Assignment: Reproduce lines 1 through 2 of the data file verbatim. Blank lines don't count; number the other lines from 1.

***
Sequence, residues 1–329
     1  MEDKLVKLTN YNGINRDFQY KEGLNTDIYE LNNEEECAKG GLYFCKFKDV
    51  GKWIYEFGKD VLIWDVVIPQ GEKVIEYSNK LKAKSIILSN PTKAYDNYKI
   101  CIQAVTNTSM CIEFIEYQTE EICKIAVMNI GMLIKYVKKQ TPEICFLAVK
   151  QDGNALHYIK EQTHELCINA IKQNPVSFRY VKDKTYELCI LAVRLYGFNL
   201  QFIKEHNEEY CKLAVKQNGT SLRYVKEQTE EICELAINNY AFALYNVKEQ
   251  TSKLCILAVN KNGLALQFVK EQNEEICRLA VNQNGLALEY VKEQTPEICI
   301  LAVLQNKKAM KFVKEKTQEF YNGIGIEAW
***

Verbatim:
Sequence, residues 1–329
     1  MEDKLVKLTN YNGINRDFQY KEGLNTDIYE LNNEEECAKG GLYFCKFKDV